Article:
Learning from one of the best...
One of the most engaging elements of the ConnectingDoorz meetings is the guest speakers we have who share their stories honestly and impart the lessons they have learned from starting and building their own businesses.
A brief bio
Covase Fleet Management provide a new way to manage and control your company car fleet and employee benefit schemes. They specialise in Corporate Vehicle Purchasing, Financial Funding, Vehicle Fleet Management and Professional Networking.
Andy has been a co-owner of Covase since its launch 12 years ago and by his own admission understands that things do not always go to plan. To make the point he started with a great analogy and likened business to the Oxfordshire roads…you may get notice of roads works and you may not. Sometimes they just appear and send you off in a whole new direction. That really resonated with us and shows that, as with lots of things, in business you need to be prepared to adapt to unforeseen changes and ‘bumps in the road’.
Away from work Andy can be found on a golf course or abroad topping up his tan. He is partial to a chilled glass of white (with just the one ice cube) and its rumoured feels right at home playing his grand piano.
Andy spoke candidly about the ups & downs of running Covase over the last 12 years. In his own words it’s been a rollercoaster and he’s made mistakes and learnt valuable lessons. Here we capture his top tips and nuggets of wisdom.
Your business plan is a work in progress
No-one writes a bad business plan and when you’re sitting imagining what your business is capable of achieving it’s not unusual to be optimistic. It is guaranteed that the unexpected will happen and it’s easy to become disheartened by the gap between your carefully crafted plan and reality. Instead of beating yourself up, acknowledge the gap and adapt your plan and actions accordingly. Andy and his business partners hadn’t, indeed couldn’t have, planned for the 2008 recession but it happened none the less and they had to dig deep, make some tough decisions and be adaptable to survive.
Be prepared to step out of your comfort zone
Andy admitted that at first business networking terrified him but he also knew it was of vital importance to the success of Covase. He made a conscious decision to do something that scared him and prepared himself in advance as much as he could. Before long he was making new contacts, getting new opportunities, finding business support and growing his connections in Oxfordshire.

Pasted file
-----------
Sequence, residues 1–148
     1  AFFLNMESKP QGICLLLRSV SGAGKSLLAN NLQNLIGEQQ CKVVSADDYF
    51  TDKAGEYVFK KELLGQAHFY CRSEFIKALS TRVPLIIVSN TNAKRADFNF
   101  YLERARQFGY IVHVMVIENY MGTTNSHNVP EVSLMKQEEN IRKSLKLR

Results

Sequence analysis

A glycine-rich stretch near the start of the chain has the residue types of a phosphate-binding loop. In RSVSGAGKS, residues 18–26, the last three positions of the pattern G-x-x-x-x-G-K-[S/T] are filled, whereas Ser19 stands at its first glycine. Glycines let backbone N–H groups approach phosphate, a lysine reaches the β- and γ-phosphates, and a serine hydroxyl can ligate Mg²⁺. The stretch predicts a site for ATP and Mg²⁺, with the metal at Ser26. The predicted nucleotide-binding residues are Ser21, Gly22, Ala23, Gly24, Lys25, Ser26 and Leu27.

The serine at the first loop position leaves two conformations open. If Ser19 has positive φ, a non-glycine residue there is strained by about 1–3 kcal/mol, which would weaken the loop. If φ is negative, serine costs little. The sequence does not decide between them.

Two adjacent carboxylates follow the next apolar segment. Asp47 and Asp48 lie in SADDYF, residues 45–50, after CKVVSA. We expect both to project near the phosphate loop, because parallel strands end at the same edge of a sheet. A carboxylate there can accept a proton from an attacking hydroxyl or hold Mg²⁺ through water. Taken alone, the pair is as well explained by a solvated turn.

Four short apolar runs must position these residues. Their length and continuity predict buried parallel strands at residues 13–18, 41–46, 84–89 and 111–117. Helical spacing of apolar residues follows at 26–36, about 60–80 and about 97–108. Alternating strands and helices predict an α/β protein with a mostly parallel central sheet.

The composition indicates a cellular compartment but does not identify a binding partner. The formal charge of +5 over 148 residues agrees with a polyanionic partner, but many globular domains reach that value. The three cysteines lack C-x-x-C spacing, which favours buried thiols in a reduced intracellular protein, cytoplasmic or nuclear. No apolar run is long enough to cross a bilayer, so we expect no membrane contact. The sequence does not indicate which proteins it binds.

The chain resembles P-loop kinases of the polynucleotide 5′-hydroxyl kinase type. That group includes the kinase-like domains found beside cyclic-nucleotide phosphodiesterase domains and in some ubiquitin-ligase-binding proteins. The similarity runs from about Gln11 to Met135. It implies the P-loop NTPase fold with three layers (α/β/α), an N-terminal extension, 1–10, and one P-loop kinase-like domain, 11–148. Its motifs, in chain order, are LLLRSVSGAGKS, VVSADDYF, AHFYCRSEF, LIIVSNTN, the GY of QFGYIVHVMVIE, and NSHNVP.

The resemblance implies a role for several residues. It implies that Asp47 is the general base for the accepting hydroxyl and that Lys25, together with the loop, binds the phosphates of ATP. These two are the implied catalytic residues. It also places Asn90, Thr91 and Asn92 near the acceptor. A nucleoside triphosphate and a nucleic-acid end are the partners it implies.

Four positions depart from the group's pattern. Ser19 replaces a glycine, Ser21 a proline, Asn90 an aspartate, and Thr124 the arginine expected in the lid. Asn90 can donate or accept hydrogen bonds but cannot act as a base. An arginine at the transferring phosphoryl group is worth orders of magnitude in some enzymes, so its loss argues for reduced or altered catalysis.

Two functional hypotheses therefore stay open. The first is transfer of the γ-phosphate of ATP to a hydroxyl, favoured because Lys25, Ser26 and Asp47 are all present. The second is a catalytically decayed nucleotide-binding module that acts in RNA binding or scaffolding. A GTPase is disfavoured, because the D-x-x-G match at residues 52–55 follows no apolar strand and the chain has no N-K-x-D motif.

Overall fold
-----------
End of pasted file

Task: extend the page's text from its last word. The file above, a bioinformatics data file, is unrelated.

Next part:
It’s good to get outside help
Andy and his business partners recognised that they were a bit stuck and needed to inject some new ideas and motivation into Covase so they used a business coach who helped them look at new solutions and ways of running their business. This helped rejuvenate the team and brought about a whole raft of new opportunities. However, it doesn’t just have to be a business coach, it could be marketing, IT or HR solutions that will help you overcome obstacles that sometimes it’s hard to see a way around when you are so close to your business. The caveat here is to make sure you choose the right person. Someone who has real experience and understands you and your business are going through.
Be fit for business
Running your own business is hard work and stressful so look after yourself. Eat well, sleep well and exercise - make sure you feel good every day and are ready for all that it will bring.
It is important for potential clients and existing customers to trust you and feel that they know where they stand with you. It can be a tricky balance but try to be as transparent as possible in your dealings but without giving too much away to competitors!
What our members thought…
‘As a strategic HR consultant, I help leaders make the most of the talents and energies of the individuals in their organisation to deliver collectively. When I do my job well, people in an organisation are more engaged and working better as a team. That means helping leaders think strategically about their people, structures, processes and plans. Persuading a client that I am worth using means showing them how my expertise will add value. But exploring what the needs of the business are and pitching where I can help can means giving away some of that expertise before a potential client has agreed to pay for it. Andy Jackson crystallised this tension for me and challenged me to work out how I can be transparent about what I offer, whilst not giving too much away for free.’ - Helen Lamb – HR Consultant